One such advocate is Cissy Bailey, nurse manager on 5 North, who brought together a team from 5 North and the Supply Chain to conduct an audit of supply areas to decrease PAR levels and eliminate rarely used items.
As a result, she said the project allows more space for needed items and decreases the likelihood of supplies expiring before they are used.
“More education has been provided to staff in addition to educating the physicians on using the system,” Bailey said. “Our compliance rate with charges started at 38 percent and has increased to 48 percent since implementation of the program.
“I feel Operational Excellence is a valuable tool to decrease waste within our facility. With this program, we use the ‘5 Why Analysis,’ which makes us all stop and think why we are being wasteful.”
Cindye Fava, technical supervisor in clinical lab administration, led a lean initiative that focused on making the lab’s Point of Care Area more cost-effective while ensuring compliance with required guidelines.
“We are in the process of developing a system to follow the entire (Point of Care Area) process, from requisitioning the product to testing performance to reporting and billing,” Fava said. “There were breakdowns in each of these procedures.
“By using this as a project in the Operational Excellence program, we have had cooperation from departments and individuals involved in the Point of Care Program. This program can be a great asset to the hospital as we focus on providing quality patient care and operating under budgetary guidelines.”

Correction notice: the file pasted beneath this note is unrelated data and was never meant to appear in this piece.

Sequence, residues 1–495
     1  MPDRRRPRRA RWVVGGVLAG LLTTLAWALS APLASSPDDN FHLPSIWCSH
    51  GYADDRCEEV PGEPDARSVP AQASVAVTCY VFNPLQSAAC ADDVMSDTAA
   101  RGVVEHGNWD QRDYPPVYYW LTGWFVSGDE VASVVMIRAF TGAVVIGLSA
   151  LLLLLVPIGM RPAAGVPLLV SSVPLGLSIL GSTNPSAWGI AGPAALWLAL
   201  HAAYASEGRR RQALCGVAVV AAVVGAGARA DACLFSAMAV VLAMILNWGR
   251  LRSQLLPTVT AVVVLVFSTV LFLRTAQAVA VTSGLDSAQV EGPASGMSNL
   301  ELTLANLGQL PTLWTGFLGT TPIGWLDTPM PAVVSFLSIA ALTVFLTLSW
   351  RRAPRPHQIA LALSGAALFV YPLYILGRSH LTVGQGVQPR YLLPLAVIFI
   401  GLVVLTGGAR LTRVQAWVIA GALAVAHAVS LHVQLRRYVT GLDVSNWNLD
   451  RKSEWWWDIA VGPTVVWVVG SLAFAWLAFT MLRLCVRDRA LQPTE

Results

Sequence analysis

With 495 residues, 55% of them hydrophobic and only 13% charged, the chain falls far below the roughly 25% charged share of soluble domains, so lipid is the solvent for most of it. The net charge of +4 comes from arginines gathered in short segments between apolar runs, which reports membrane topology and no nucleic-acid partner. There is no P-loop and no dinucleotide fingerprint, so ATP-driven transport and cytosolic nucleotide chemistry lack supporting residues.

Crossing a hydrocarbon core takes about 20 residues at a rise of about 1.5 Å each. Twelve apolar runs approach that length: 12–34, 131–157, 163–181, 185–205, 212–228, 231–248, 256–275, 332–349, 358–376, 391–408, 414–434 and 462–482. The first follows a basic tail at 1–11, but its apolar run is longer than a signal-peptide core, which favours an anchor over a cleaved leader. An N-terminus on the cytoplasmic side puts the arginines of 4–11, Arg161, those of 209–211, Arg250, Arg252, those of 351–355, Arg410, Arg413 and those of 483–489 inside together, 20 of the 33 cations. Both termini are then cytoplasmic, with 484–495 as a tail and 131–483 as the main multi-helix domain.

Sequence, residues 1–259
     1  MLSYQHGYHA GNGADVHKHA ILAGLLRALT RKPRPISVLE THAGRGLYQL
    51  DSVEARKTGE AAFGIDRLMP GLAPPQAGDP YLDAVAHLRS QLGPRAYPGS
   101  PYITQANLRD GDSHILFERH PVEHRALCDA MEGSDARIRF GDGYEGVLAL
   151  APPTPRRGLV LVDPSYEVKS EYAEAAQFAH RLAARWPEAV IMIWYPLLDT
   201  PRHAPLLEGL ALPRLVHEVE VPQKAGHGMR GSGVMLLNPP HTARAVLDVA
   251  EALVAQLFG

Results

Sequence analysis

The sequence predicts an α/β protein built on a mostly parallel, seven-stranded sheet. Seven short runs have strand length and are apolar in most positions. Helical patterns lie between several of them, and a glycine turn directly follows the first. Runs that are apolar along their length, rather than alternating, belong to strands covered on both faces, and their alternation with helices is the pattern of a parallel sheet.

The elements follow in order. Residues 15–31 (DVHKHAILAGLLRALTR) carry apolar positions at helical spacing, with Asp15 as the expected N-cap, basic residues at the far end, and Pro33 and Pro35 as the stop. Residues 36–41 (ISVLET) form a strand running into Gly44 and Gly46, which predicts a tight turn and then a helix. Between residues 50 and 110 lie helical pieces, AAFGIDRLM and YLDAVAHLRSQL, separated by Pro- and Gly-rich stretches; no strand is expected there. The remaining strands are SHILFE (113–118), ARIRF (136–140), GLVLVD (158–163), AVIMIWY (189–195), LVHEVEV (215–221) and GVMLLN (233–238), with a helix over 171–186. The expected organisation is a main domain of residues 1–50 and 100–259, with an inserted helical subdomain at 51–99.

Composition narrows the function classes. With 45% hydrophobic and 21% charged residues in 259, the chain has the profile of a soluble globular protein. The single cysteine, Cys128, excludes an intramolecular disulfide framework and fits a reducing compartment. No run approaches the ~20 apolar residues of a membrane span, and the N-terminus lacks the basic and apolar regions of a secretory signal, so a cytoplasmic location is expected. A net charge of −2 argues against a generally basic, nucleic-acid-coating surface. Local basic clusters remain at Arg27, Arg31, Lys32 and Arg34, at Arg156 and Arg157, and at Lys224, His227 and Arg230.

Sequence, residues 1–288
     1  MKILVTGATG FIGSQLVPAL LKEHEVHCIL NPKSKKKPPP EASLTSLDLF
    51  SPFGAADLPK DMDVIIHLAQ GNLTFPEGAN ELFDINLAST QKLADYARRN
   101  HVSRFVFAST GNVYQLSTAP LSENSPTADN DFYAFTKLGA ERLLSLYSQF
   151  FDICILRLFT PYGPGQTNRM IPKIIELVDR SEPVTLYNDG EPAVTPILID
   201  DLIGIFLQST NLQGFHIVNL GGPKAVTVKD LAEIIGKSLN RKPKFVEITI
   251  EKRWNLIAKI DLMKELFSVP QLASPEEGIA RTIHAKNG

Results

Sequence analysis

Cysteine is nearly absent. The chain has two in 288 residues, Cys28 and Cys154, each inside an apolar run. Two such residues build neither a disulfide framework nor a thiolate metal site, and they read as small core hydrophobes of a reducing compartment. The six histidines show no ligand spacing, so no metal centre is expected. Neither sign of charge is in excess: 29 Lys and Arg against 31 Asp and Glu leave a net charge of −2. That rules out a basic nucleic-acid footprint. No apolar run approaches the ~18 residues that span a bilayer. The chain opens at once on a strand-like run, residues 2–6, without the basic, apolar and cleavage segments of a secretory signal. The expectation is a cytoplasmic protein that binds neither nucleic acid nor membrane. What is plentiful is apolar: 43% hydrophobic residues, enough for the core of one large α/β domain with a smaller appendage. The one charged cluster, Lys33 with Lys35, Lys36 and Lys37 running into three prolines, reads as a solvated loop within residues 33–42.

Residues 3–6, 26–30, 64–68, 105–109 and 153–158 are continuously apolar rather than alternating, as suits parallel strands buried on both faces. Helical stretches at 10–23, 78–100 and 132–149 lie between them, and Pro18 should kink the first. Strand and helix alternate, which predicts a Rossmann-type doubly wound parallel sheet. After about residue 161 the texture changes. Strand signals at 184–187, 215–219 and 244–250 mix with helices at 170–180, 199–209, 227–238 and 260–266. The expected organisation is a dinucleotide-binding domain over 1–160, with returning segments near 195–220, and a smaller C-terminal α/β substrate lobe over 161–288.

Sharon Poyadou, nurse manager on 2 North, is leading an OPX team that is looking to introduce a new staffing initiative.
“We are looking at ways to change how we assign our nurses to patients by utilizing one nurse that will not take a patient load, but will be available to assist the other nurses with some of the more routine tasks that must be completed,” Poyadou said. “The ‘floater’ would also have a set of tasks to be completed in addition to helping the other nursing personnel.”
Although this staffing arrangement has not yet been implemented, Poyadou anticipates it will help nurses who have patient assignments complete their duties in a timelier manner. She said that will increase patient and employee satisfaction and decrease the amount of overtime nurses need to catch up on documentation.
“Operational Excellence is simply a common-sense approach to solving a problem,” Poyadou said. “You define the issue, drill down to the root of the problem and develop a process for improvement.
“It also gives staff ownership by allowing them to come up with a solution or process that will best meet the needs of their unit, and it will be a useful tool when working through process issues that involve several different departments.”
Staff ownership of OPX is one of the program’s greatest strengths, according to Korpiel.
“Once they go through training and do a project, then they’re sold,” he said. “They recognize how much easier their lives are by doing this.”
UHHS leaders are hopeful that recognition is contagious enough to make a substantial impact on UHHS operations.
“Our goal is that, over the next four years, we have a significant amount of people who have gone through training, understand the methodology and are certified as having some level of training so we can change the culture and become a more efficient organization,” Korpiel said. “Ultimately, we want to be recognized as a lean facility within (that time).
“My expectation is that we’ve got to reduce cost, improve revenue and improve both patient and staff satisfaction. That’s really what our main focus is. We’ve just got to be able to do things in a big, bureaucratic system much more efficiently so people aren’t going to have to work so hard to get things done.”